42. Under the Act the Revenue Officer is clearly in all contested matters only subject to the special Judge and the High Court and not to the Board of Revenue. If the Government of Bengal desired to pass such rules, which I think it could not, it would be bound to publish them before-hand in the Calcutta Gazette, and hear any objection raised against them. Here the Rent Act is modified by a departmental order issued by the authority of Government.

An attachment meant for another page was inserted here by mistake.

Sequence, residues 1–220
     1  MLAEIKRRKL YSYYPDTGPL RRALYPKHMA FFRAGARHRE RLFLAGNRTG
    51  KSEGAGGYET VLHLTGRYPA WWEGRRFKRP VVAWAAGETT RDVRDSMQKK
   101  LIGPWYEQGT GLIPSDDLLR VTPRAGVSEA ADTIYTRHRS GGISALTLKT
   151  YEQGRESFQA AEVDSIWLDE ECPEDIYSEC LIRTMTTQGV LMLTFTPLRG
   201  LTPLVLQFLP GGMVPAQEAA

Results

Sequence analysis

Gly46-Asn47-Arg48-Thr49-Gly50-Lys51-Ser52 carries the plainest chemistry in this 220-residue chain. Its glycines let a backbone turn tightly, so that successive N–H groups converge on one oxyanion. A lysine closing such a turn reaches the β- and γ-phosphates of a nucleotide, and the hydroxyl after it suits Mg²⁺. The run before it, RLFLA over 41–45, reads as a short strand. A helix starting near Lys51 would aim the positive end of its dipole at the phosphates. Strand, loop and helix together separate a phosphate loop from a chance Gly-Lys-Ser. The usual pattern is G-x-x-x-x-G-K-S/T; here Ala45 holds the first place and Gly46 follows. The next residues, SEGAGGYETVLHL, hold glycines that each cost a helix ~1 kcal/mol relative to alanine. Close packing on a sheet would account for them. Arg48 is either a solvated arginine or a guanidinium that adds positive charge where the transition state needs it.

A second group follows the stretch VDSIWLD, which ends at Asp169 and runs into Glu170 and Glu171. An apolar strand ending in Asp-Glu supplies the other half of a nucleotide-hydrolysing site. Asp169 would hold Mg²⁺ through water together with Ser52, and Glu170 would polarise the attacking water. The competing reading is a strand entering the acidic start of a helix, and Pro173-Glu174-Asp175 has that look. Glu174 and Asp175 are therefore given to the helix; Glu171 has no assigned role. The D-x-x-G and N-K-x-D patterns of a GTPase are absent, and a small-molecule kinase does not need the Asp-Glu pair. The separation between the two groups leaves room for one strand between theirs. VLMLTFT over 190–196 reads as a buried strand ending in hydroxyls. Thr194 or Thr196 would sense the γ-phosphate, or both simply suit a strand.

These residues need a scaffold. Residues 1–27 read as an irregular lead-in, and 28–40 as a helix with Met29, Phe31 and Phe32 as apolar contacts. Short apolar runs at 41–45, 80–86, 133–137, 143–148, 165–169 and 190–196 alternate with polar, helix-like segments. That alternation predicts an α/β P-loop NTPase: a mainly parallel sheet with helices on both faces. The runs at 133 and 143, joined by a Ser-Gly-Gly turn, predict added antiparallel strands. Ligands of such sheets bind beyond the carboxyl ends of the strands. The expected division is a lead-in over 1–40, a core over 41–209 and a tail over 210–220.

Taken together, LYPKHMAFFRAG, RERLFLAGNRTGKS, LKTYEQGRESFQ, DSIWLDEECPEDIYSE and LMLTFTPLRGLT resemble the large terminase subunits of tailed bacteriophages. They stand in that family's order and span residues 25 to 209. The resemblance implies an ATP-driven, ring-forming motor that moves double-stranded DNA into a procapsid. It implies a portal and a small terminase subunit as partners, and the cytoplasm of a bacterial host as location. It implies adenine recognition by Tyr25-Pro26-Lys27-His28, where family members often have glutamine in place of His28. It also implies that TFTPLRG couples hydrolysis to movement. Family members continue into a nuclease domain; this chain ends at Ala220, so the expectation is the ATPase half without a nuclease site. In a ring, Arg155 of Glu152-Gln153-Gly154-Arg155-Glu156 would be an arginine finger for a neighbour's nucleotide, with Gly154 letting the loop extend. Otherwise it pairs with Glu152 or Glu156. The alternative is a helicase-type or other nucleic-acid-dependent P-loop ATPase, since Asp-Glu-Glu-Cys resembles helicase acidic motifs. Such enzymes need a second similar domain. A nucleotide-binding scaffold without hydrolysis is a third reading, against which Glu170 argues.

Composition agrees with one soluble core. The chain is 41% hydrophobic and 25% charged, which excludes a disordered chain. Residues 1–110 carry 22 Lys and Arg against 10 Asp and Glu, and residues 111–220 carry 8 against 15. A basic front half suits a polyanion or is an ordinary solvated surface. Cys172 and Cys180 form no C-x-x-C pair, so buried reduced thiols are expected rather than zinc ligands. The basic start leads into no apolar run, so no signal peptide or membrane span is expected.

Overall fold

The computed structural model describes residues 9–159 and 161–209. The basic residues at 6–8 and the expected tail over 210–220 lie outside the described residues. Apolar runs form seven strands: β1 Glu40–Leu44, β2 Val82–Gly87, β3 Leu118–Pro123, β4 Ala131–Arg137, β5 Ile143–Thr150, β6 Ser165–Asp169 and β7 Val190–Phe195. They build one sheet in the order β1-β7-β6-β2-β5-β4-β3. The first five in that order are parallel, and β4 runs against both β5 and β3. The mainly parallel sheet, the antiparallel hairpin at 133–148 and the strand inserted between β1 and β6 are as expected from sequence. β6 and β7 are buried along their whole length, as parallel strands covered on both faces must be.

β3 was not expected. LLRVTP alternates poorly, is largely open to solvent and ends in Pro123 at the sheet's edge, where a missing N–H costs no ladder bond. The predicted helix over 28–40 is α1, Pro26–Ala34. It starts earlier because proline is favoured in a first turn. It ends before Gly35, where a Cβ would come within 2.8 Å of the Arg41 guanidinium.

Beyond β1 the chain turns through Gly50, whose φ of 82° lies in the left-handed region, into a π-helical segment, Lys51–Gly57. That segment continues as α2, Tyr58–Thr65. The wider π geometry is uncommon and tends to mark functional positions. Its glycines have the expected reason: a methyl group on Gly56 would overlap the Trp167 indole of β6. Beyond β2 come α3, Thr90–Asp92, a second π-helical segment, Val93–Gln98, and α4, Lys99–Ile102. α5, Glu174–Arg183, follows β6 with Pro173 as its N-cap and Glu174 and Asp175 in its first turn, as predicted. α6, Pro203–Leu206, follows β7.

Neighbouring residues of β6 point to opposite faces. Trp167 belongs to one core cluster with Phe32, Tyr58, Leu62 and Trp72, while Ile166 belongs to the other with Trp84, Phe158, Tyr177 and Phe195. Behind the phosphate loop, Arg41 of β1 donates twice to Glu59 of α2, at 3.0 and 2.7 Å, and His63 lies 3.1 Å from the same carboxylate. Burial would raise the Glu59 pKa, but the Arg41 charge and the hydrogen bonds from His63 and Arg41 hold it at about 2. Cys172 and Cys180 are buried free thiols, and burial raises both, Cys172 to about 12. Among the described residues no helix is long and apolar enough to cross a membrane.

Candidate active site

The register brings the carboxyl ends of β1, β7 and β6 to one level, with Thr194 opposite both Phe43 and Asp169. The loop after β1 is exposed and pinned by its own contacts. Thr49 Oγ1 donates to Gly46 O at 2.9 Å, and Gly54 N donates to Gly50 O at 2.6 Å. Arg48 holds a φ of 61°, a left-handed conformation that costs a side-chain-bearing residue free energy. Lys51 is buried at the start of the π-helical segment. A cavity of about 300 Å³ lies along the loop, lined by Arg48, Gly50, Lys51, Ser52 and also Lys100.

43. Under Rules 16 to 20 of the Rules made by the Government of Bengal, the Revenue Officer in charge of the record-of-rights is bound to issue a notification calling on the persons interested in the subject-matter of the inquiry to attend at the time and place specified in the notification to offer such objections as they may wish to take to the proceedings; and on the date specified on the notice or any adjourned day, to read out the entries which the Amin has entered in each khatian, and decide any dispute which may arise. A further provision is also made to prevent any injury to the parties concerned. A person may come in under Section 106 to dispute the correctness of any entry under Chapter X before the final publication of the record; and then under Rule No. 32 prescribed by the Local Government, the Revenue Officer is bound to serve notices on all persons who, in his opinion, are likely to be affected by the objection, and to call upon them to attend on any day he may fix for hearing the objections. If any person attends and contests the objection, the proceeding takes the form of a litigious case, in which the objector is the plaintiff. If no person attends and contests the objection, the record is to be either amended or the objector is to be called upon to support his case, as an ex parte suit under the Tenancy Act.